“I believe in God the Father Almighty, Maker of heaven and earth…” I had recited these words from the Apostles’ Creed from my childhood. Not until adulthood, when I took a seminary course in Systematic Theology, did I learn how complex a doctrine lived beneath that brief opening phrase. I learned the classical Christian doctrine of God as Creator, who created the world “for God’s own glory and good pleasure (not out of any need within God), by a sheer act of will.” This doctrine stresses that the world, as real and good as it is, is nevertheless an inferior reality dependent upon and ruled by God. [i] Hmmm, that learning called into question the theology in a favorite poem, The Creation, by James Weldon Johnson. Weldon begins his sermonic poem this way:
And God stepped out on space,
And he looked around and said:
I’ll make me a world. [ii]
Even before “Earth Day” was added to the liturgical calendar and we included “Caring for Creation” committees and worship services in our congregations, there was a need to move beyond the choices of a passive creation and a needy Creator! Terence E. Fretheim’s article offers a welcome and fresh perspective on Genesis 1 and 2 and also for our thinking/acting faithfully in relationship to God and to the environment. Fretheim points out that how we read the biblical texts will shape our language and theological understandings of God, and may well shape our practices in relation to creation. For example, if Genesis 1 and 2 are read as though God works independently and unilaterally, then those created in God’s image can understand their role in regard to creation in the same way—”power over, absolute control, and independence,” with the natural world being “available for human manipulation and exploitation.” A misreading of the text can result in mismanagement of the world.
Here Fretheim offers an alternative reading and also, therefore, a different way of relating, urgently needed in this time of so much talk (and fledgling efforts) in regard to global warming and other environmental concerns. He begins with a re-examination of the language, the words of Genesis 1 and 2, as the way for people of faith to re-examine and to imagine living differently in/with creation. In this article, he invites us to see God as the One who, “in creating, chooses to share power in relationship.” Even though creatures are indeed deeply dependent upon God for their creation and life, God chooses “to establish an interdependentrelationship with them not only in originating creation, but also in continuing creation.”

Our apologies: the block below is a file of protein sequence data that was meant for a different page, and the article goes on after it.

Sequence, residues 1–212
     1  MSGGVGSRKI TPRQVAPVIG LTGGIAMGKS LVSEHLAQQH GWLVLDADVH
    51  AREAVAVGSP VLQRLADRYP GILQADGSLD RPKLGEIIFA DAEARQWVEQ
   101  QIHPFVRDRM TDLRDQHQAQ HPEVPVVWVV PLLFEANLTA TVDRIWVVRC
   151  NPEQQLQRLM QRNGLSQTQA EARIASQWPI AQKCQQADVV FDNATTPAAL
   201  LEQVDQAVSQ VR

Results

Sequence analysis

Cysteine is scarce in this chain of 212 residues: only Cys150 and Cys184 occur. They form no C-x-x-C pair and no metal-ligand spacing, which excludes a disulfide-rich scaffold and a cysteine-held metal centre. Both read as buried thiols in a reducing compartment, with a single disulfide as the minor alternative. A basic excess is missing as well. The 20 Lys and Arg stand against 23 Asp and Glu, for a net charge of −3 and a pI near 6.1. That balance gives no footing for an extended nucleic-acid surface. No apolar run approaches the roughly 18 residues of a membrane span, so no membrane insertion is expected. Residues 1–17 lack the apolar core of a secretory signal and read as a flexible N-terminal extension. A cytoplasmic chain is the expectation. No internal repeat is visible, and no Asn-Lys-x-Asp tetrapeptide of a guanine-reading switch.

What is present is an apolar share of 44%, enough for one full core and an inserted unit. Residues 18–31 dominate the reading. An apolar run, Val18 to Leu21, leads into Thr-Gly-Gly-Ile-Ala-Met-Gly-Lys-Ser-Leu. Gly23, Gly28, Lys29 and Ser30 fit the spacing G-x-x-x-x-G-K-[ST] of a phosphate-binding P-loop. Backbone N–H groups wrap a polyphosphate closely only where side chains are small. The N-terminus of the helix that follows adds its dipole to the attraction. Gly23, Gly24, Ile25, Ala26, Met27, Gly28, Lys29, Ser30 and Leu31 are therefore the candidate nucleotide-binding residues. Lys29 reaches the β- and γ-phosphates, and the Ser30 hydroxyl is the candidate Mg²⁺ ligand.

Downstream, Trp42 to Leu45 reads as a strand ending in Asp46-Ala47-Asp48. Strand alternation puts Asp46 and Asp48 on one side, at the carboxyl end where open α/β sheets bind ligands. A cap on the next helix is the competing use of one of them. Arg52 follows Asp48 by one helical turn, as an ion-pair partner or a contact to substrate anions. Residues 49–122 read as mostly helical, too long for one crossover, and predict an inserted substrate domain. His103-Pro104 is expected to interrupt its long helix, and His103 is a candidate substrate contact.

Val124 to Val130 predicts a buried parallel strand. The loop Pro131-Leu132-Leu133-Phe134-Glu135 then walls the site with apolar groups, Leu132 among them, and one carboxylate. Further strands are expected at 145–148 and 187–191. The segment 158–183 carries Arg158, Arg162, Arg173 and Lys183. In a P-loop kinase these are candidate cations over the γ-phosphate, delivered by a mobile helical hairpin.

Somehow in all my years of studying the creation accounts, I had not seen the extraordinary interdependence; the extraordinary willingness of God to share power in relationship that is evident within the language of the text itself. I had missed how often and actively creation takes part with God in originating and continuing creation. In 1:2, spirit/wind/breath comes together with waters; and in 2:7 even we human beings are made from the already existent dirt and dust of the ground! On day 3, God says, “Let the earth put forth vegetation;” on day 5, “Let the waters bring forth swarms of living creatures; and on day 6, “Let the earth bring forthliving creatures of every kind.” It might be well to note that the list of living creatures on day 6 begins with cattle and creeping things before ending with the creation of human beings. While we are made in the image of God, let’s not forget we share the day with cattle and creeping things! [iii]
I am grateful for Fretheim’s lifting up the role ‘nonhumans’ play as God—in divine self-limitation—lets the world create itself, not only in an original sense, but also in a continuing way. Because the natural world is living, still creating, and in constant and complex relationships, Fretheim reminds us, “ever new creatures come into being, mediated by the activities of existing creatures, from glaciers to volcanoes to tsunamis.” This divine sharing of power with nonhumans is risky, with consequences more theological than we often imagine. Fretheim spells out the risks: “If certain creatures become extinct/rare, they would be unavailable to God as agents for further creative acts; the creation would not develop according to its fullest potential.”
From the nonhuman creatures, Fretheim moves to God creating the human ‘in our image, ourlikeness.’ The plural of Gen. 1:26 indicates that God shares this creative power and activity with “the divine council, the heavenly assembly.” No wonder we human beings can be such a mess—we were put together by a committee, albeit a divine one! God, who is creative and relational in forming us, makes us in that same image. So, “creativity and relationality are our most fundamental descriptors” as human beings and are the primary tasks we have been given relative to the earth. Given this fundamental description and primary task, I am struck by how uncreative and non-relational our theological/liturgical language is when we try to give voice to our calling within creation.